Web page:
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New Zealand Ends Daylight Saving Time on April 5, 2009

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Published 10-Mar-2009

New Zealand’s daylight saving time (DST) will come to an end on Sunday, April 5, 2009. The clocks will move back by one hour from 3am (or 03:00) to 2am (or 02:00) local time when the schedule ends on this date. Some parts of Australia will also end their 2008–2009 daylight saving schedule on April 5, 2009.

The auckland sky tower at sunset

Daylight saving time ends in many places in New Zealand, including Auckland (pictured above), on Sunday, April 5, 2009.

©iStockphoto.com/Mark Baskett

New Zealand’s Daylight Saving Schedule

New Zealand’s main islands, as well as the Chatham Islands will wind the clock back by one hour on April 5, 2009. The main islands will switch from New Zealand Daylight Time (NZDT), which is 13 hours ahead of Coordinated Universal Time (UTC), or UTC +13 hours, to New Zealand Standard Time (NZST), which is UTC +12 hours.

The Chatham Islands will move from UTC+13:45 hours to UTC +12:45 hours on the same date. The time will remain the same on the Cook Islands and Tokelau (UTC -10 hours), as well as Niue (UTC -11 hours), because they do not observe daylight saving time. The Cook Islands and Niue are in free association with New Zealand, while Tokelau is a New Zealand territory.

Schedule Extended After 2007

New Zealand’s Minister of Internal Affairs Rick Barker announced in 2007 that the nation’s daylight saving schedule would be extended. This decision was made after results from a survey and petition showed that people favored an extended daylight saving period. Daylight saving time in New Zealand now annually commences on the last Sunday of September, when 2am (02:00) moves forward 3am (03:00) local time, and ends on the first Sunday of April the following year, when 3am (03:00) moves back to 2am (02:00) local time.

New Zealand’s next daylight saving schedule will start on Sunday, September 27, 2009, and end on Sunday, April 4, 2010. The 2010–2011 daylight saving schedule will start on Sunday, September 26, 2010.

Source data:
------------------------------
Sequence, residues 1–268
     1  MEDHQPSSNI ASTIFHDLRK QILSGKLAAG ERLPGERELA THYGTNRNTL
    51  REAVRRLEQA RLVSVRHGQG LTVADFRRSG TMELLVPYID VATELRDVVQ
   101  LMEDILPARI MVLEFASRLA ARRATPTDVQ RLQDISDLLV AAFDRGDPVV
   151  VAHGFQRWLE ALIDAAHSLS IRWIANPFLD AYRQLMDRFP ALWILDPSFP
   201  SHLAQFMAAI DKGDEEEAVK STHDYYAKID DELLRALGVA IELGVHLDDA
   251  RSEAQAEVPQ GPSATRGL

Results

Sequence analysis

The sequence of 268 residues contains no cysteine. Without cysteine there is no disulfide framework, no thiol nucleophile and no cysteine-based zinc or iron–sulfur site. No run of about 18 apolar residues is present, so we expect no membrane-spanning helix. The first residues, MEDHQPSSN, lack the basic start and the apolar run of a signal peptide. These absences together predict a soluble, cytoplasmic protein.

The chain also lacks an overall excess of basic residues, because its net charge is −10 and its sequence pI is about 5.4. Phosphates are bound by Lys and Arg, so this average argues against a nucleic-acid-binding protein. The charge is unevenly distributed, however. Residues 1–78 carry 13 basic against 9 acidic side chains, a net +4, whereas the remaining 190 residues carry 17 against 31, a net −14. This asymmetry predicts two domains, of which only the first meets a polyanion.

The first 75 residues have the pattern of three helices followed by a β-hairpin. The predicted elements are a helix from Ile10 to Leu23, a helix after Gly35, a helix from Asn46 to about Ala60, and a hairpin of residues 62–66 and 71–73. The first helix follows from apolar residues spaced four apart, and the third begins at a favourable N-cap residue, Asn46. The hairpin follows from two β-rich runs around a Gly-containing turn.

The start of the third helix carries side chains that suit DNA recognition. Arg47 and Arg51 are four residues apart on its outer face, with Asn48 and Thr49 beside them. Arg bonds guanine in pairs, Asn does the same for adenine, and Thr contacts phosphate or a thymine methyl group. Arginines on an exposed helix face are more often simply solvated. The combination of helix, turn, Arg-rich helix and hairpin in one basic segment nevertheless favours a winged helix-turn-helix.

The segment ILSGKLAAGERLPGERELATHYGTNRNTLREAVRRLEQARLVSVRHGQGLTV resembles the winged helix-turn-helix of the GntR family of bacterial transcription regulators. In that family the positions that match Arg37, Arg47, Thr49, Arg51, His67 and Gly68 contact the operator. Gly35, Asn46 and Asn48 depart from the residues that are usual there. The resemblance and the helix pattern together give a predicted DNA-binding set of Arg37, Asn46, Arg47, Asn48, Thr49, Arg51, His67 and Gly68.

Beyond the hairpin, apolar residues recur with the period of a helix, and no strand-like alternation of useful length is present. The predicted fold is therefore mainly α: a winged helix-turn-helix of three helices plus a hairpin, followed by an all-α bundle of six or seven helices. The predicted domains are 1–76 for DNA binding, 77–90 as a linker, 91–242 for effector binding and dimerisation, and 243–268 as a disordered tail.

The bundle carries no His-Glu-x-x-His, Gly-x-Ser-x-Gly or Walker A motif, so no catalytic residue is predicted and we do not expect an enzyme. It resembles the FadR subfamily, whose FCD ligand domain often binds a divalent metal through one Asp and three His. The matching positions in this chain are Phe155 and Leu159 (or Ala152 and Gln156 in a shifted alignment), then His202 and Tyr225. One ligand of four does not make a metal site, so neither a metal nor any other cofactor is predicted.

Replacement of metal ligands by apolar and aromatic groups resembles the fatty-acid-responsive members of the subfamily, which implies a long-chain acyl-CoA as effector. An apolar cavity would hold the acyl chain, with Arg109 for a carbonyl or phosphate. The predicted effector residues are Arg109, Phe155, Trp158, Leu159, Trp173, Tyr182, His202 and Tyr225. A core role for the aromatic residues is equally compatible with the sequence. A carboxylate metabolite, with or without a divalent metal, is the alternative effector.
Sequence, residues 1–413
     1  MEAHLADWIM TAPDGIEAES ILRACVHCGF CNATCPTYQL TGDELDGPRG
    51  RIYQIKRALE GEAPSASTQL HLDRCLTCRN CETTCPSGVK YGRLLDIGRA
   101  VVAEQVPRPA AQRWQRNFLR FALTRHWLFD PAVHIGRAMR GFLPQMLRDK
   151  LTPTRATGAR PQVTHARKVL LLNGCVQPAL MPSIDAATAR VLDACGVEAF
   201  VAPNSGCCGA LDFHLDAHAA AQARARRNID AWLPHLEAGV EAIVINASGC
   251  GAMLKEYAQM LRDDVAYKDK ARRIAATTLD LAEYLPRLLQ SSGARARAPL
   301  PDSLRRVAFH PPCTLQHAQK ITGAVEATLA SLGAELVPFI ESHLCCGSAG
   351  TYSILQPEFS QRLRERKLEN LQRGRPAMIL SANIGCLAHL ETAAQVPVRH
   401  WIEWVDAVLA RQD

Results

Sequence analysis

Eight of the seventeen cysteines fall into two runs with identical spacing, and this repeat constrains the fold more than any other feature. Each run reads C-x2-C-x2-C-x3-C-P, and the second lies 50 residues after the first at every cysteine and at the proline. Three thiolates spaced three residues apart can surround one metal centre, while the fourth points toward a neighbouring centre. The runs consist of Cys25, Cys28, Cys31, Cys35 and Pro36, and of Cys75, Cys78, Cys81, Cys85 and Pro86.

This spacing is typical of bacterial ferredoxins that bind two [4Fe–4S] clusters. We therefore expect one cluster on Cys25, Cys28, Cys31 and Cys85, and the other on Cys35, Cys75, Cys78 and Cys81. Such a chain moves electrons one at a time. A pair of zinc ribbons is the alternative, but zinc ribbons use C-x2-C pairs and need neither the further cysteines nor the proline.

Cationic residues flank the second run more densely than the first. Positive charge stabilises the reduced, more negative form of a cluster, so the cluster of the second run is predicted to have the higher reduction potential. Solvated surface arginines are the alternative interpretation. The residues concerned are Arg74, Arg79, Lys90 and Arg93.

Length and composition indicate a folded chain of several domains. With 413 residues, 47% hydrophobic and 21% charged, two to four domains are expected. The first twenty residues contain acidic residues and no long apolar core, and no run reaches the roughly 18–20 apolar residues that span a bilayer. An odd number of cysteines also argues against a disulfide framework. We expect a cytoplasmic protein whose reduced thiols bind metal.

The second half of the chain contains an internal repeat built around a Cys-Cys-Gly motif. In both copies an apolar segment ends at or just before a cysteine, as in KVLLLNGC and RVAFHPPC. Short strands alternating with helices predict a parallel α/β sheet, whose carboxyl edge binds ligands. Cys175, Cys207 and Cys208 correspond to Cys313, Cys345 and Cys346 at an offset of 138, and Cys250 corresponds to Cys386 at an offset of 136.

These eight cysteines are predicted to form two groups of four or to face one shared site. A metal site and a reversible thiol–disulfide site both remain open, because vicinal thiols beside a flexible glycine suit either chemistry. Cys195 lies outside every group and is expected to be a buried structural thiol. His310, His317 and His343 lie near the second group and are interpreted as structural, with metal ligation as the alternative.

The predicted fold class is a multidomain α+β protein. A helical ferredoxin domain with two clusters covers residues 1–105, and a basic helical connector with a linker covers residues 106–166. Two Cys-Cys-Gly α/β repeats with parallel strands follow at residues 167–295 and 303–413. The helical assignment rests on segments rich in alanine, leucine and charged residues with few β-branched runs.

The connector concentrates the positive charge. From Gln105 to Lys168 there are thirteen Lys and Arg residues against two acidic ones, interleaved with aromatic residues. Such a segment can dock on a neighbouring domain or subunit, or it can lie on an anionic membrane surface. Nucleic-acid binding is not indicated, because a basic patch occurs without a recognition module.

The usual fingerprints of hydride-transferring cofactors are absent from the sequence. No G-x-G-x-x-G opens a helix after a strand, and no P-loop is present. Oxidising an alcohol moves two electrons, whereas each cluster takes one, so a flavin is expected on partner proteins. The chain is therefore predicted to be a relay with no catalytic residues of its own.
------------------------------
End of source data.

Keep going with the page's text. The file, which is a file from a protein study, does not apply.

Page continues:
Brief History of New Zealand's Time

According to New Zealand’s Department of Internal Affairs, New Zealand was one of the first countries in the world to officially adopt a nationally observed standard time. New Zealand Mean Time, adopted in November 1868, was set at 11 hours 30 minutes ahead of Greenwich Mean Time. Greenwich Mean Time was established by British Railways in the 1840s but was not made Great Britain's standard time until 1880.

In 1941, due to emergency regulations during World War II, clocks were advanced half an hour in New Zealand. This advance was made permanent by the Standard Time Act 1945. The Act provided that New Zealand Standard Time was set 12 hours in advance of Greenwich Mean Time or Coordinated Universal Time (UTC).

In the late 1940s the development of the first atomic clock was announced and several laboratories began atomic time scales. A new time scale based on the readings of atomic clocks, known as Coordinated Universal Time (UTC), was adopted internationally in 1972. "New Zealand Standard Time" is currently defined in the Time Act 1974 as meaning 12 hours in advance of UTC. The time for the Chatham Islands was set 45 minutes in advance of New Zealand Standard Time.

Chatham Islands Time

There is no official name given by the Time Act to the time followed in the Chatham Islands.  The Act specifies that the Chatham Islands will have daylight saving when the rest of New Zealand does (ensuring that the Chatham Islands will always be 45 minutes ahead of New Zealand).  The Chatham Islands currently observe daylight saving from the last Sunday of September through to the first Sunday of April, as with the rest of New Zealand.

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